PARIS — Seven months after hitting a wall of resistance from industryites across nearly every European Union member state, as well as from Hollywood, the European Commission is beginning to introduce a new reform proposal on copyright as part of plans to create a so-called digital single market.

Crucially, the reforms do not attempt to directly implement cross-border access, whereby European citizens would be able to access content across borders distributed by digital platforms in other countries. That could severely affect Hollywood and Europe’s ability to continue financing films and television through territory-by-territory pre-sales.

But the European Commission is pressing forward with the concept of cross-border portability, a narrower concept, to allow E.U. residents to access digital content they bought when they’re traveling within Europe.

“Under the proposed rules, the provision of the online content service will be considered to take place in the Member State in which the consumer resides. No separate license would be required to cover the temporary use of the service in other Member States,” states the reform proposal, which was unveiled today by Andrus Ansip, vice president of the E.C., in Brussels.

“This legal mechanism will allow service providers to offer cross-border portability without the need to re-negotiate the licenses existing between rights holders and service providers,” the document added.

The plan would let rights holders “discuss details concerning (portability) with service providers, such as ‘temporary presence’, but this could well be part of the periodic licence renewal process.”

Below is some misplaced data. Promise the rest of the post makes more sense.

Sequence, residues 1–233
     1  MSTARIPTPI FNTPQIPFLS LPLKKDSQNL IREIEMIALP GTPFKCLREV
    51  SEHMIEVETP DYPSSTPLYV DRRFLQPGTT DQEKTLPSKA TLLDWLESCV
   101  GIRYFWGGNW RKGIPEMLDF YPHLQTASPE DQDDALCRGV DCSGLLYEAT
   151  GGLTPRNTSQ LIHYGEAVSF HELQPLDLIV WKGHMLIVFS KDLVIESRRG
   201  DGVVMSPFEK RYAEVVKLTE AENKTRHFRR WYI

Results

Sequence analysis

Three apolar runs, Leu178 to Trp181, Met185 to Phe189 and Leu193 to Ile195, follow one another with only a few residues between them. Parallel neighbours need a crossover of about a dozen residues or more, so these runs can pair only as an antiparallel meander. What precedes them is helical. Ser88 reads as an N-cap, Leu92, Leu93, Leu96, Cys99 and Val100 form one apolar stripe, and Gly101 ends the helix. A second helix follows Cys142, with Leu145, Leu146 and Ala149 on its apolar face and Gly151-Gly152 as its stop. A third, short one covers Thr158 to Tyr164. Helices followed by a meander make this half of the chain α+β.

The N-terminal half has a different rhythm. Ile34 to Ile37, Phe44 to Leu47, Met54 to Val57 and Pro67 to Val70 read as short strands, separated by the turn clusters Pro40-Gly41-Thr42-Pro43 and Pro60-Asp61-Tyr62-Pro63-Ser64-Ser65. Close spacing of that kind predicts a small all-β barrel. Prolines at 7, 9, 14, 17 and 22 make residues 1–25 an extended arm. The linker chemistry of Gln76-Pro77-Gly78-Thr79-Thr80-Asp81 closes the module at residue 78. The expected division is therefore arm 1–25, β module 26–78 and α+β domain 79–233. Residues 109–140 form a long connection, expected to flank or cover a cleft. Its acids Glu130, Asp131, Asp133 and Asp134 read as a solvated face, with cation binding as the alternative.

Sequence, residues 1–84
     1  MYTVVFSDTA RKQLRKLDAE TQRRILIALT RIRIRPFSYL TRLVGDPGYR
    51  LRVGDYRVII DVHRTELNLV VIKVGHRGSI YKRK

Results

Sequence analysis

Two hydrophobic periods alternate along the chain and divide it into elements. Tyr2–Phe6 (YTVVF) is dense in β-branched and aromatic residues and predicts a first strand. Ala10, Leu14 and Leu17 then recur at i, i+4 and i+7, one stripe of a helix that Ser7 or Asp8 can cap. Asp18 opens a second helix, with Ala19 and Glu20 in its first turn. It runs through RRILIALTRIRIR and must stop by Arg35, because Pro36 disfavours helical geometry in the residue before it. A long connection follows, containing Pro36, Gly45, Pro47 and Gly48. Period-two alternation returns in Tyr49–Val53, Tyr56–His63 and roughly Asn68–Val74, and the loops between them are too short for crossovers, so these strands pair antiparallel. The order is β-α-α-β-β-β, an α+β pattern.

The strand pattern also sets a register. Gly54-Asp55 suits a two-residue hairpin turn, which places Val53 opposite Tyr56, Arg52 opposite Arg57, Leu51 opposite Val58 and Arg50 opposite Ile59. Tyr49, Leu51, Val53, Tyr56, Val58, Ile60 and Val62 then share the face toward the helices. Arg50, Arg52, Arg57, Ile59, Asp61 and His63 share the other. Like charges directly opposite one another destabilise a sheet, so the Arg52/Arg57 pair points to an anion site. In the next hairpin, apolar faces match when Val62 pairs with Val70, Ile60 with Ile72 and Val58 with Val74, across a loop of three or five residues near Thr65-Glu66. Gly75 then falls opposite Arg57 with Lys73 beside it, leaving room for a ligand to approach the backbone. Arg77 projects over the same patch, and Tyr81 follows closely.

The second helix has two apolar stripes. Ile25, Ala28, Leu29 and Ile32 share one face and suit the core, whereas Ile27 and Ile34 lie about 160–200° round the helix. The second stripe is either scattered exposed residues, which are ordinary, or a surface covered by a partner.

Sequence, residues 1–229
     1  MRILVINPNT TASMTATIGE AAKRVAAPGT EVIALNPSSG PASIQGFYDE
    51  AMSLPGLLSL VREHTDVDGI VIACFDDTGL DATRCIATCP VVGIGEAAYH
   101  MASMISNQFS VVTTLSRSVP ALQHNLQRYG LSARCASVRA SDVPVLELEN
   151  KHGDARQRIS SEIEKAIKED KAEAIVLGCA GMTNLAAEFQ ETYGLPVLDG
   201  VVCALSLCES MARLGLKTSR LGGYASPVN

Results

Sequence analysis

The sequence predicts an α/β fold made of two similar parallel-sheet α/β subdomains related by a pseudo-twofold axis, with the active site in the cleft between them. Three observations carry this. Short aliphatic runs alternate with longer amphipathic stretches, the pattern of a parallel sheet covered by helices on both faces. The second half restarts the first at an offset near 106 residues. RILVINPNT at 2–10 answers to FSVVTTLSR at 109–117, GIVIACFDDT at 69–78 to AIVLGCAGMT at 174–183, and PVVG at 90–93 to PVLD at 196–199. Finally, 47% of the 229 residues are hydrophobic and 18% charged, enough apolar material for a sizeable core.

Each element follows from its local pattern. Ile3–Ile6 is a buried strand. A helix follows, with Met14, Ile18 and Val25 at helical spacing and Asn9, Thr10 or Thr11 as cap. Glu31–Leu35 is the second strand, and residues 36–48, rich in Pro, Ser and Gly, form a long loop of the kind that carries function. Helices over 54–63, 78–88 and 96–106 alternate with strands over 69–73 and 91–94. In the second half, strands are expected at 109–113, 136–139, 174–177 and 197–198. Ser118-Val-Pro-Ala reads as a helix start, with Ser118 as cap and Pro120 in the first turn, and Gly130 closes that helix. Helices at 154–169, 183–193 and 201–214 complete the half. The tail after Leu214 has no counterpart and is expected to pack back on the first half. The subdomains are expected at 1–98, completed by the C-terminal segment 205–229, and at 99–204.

Announced as a Regulation, a fast-track process which the Commission hopes could allow the portability regs to come into effect by 2017, initial feedback suggests there will likely be more back-and-forth until the E.C. manages to get changes approved by the E.U.’s 28 member states and the European Parliament.

Initially conceived as a way to facilitate the circulation of European films across every member states, the single digital market – if full cross-border access were ever approved — has been deemed potentially harmful to cultural diversity, creative freedom and local film companies in Europe.

A separate document, also revealed Wednesday, “Towards a modern, more European copyright framework” — where the Commission lays out a roadmap for enforcing copyright across Europe — suggests the Commission will consider legislative proposals by spring 2016 including “enhancing cross-border distribution of television and radio programs.”

The industry fears this could be a Trojan horse, reintroducing the idea that content available on one digital platform in one country should be made available in other countries — decimating the amount of money distributors in individual territories would be willing to put up in minimum guarantees or P&A for the release of films that might already be available online.

Today’s proposals sparked mixed reactions — and some common concerns — from the world’s film and TV industry orgs, many referring not so much to the portability proposal but to fear of slippage towards a renewed push for cross-border access.

“Given that digital distribution is still a nascent sector, FIAPF — the Brussels-based International Federation of Film Producer Associations whose members include the MPA and IFTA, plus European producers’ orgs — is calling for contractual and commercial freedom for the sector to develop with flexibility and a diversity of offer.

“We never believed that legislation on portability was the appropriate approach, the market should drive the solutions to meet portability demand,” said Benoit Ginisty, FIAPF managing director.

Moreover, the Commission should “make sure that portability stays portability and distinguish it from cross-border access.  Full cross-border access would mean that we will produce fewer films on lower budgets because we won’t be able to raise the necessary financing by selling licenses before production starts, which allows us to produce more quality films.”